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The Rainbow Formula: Hollywood’s False Diversity

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About Kira Davis

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  1. I find it interesting that you point out that kind doesn’t matter with Hispanics and Asians, but you don’t attach that note to Blacks.

    Then again, I guess you can’t really trace that. You’re American.

  2. EXCELLENT article!
    As you may have noticed from many of my articles, racism and race issues is one of my passions. While I am white, was raised in the South, in a town that has a reputation for being racially divided, I was raised in a home that taught me the defining lesson of race issues- “Judge a person by the content of their character, not the color of their skin.”

    As I have written about in many articles, I have been judged as a white woman when I loved, hugged and kissed my very first children (foster children)- who were black. One old white man was so beside himself he could not eat his meal without snorting every few seconds! Evidently he took issue with the fact that I had no problem actually loving these innocent little black beauties (no double entendre comments- these two little boys still hold a very special place in my heart, and I will forever be grateful to have been a part of their beautiful little lives, no matter the color of their skin!)
    My husband and I are both very light complected- ok, let me be honest- we are both very red toned, we are so white. He is of English, Irish and Comanche descent, I am of Irish, German and Cherokee descent. Unfortunately, neither of us were blessed with the outward appearance of our Indian heritage (sorry, I cannot be politically correct! I am PROUD to be an Indian, and have been known to go on the warpath on more than one occasion! ). Instead, we have the red tone of our Irish ancestory.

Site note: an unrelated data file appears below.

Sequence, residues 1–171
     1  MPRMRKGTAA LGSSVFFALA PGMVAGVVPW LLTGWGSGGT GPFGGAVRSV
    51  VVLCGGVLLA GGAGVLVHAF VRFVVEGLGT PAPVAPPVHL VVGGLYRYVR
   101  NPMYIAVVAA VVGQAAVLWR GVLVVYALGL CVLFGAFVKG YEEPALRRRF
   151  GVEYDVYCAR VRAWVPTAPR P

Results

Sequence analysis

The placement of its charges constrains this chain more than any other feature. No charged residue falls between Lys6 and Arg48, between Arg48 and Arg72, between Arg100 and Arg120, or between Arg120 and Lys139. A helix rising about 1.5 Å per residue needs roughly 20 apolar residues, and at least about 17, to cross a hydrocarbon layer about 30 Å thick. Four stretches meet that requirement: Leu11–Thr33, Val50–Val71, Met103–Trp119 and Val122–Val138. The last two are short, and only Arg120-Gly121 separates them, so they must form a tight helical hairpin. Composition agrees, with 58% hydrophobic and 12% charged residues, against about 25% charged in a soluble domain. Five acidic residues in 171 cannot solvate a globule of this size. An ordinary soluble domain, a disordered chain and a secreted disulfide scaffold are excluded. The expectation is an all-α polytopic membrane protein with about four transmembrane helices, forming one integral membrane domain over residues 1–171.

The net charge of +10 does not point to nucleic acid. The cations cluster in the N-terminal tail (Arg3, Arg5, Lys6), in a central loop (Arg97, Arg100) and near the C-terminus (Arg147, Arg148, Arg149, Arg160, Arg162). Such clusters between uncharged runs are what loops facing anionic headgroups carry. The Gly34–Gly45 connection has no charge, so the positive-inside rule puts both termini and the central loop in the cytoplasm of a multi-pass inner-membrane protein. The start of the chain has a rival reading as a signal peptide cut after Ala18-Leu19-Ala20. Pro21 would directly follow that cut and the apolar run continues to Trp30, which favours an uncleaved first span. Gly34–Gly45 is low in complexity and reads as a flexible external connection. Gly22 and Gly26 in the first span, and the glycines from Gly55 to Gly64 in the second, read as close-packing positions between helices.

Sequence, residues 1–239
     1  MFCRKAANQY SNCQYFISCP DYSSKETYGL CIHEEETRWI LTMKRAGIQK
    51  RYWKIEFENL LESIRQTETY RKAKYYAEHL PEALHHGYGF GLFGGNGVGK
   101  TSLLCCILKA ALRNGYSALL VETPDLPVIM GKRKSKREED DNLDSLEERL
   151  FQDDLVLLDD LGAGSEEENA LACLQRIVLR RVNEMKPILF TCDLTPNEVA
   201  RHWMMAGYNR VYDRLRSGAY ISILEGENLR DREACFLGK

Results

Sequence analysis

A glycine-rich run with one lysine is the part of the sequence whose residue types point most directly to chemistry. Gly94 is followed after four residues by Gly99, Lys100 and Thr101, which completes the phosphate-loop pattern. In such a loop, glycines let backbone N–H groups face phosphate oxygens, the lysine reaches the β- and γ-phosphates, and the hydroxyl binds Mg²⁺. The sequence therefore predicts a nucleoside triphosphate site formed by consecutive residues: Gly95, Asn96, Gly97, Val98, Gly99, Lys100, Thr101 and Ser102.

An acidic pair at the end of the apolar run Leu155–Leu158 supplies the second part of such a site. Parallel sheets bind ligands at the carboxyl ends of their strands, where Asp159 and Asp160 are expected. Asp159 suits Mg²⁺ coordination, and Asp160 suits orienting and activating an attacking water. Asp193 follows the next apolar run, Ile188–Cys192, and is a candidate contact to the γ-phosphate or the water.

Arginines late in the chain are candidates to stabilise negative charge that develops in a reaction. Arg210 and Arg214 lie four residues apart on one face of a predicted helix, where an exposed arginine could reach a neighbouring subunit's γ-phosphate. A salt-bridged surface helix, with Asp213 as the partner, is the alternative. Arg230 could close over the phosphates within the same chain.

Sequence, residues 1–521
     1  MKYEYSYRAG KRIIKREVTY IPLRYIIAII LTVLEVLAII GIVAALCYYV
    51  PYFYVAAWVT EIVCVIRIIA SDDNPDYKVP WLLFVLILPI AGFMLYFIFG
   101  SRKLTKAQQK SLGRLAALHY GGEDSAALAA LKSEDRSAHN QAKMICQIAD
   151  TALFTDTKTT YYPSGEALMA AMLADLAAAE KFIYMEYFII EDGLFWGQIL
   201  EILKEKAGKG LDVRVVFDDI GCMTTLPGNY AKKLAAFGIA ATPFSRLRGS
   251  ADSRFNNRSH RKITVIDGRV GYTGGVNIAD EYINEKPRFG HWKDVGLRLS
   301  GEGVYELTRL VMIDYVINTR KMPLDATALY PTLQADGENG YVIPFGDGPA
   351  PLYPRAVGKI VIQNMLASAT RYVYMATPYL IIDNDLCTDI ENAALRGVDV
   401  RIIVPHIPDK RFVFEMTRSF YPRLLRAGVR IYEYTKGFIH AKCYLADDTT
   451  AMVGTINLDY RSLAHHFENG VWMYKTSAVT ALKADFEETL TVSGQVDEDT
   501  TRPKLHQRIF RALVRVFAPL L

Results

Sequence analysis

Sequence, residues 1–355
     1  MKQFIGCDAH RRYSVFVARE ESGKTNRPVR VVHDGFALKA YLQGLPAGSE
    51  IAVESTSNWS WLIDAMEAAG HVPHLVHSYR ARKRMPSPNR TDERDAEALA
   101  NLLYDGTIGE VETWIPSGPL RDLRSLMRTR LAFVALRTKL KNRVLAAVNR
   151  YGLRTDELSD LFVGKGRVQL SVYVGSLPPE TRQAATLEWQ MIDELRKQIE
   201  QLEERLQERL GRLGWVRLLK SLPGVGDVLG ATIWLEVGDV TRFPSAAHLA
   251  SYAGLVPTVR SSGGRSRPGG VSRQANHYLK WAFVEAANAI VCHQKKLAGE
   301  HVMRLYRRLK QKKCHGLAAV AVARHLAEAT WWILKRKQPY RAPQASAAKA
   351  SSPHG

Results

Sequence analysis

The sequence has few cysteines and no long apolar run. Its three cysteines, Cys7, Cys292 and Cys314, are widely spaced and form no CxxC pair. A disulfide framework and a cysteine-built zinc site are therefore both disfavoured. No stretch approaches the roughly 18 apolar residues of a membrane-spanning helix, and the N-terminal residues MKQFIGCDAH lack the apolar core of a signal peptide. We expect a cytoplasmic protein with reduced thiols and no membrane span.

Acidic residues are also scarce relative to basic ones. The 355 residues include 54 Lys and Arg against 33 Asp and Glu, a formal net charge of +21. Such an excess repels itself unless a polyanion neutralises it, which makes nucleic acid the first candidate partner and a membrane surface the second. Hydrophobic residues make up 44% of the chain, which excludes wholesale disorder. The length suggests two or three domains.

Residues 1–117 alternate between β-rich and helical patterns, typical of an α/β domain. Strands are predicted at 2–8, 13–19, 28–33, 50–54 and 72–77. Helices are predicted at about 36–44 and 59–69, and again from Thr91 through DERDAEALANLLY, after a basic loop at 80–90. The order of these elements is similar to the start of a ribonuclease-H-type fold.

We adopted all 5 of our children through the foster care system. Being that we live in San Antonio- where Hispanics are the majority- all five of our children are Hispanic, thus, they are all dark complected. We have gotten looks many times, and comments many times. Some comments are in appreciation, some are in disgust. We love our children because they are our children, not because of or in spite of the color of their skin. These children- as with ALL children- did not have a choice in who their parents were, what race they were born into, or the circumstances of their lives. Judging them for any reason is wrong- but to judge them on the color of their skin is deplorable! Judging me on my actions is fair- judging me for loving, accepting and raising children that have a different skin color than I have is evil!
    I’m sorry for the rant- I tend to go off on a tangent on this issue, as you can tell! 🙂
    You mentioned Tyler Perry. I LOVE that man! He is the example that the Black community should hold as an example of a true hero. He is truly a man to be admired- in his own community, as a minority, as a Black man, as a business man, as an American citizen, as a citizen of the world, as an American success story… and well, I could go on and on! I love his movies as well as his TV shows. You have summed it up much better than I could ever have dreamed, not being Black myself. He does not pander to the rainbow! (I LOVE that analogy, by the way!) He is true to himself, true to his roots, true to his community, true to his culture. He produces what he knows about and he is highly successful. He does not strive to be the diverse example, he is true to what he knows- the Black community and the issues that are faced in the Black community.
    I could NEVER DREAM of being successful in writing, producing or any other part of telling a story that affects or is about the Black community. It would come of as hokey- just as it does when Hollywood tries to make it all pretty.
    Kira- it is GREAT to have you in our CDN family! I hope and pray you will be able to open the eyes of MANY people to the truth- no matter what color their skin is!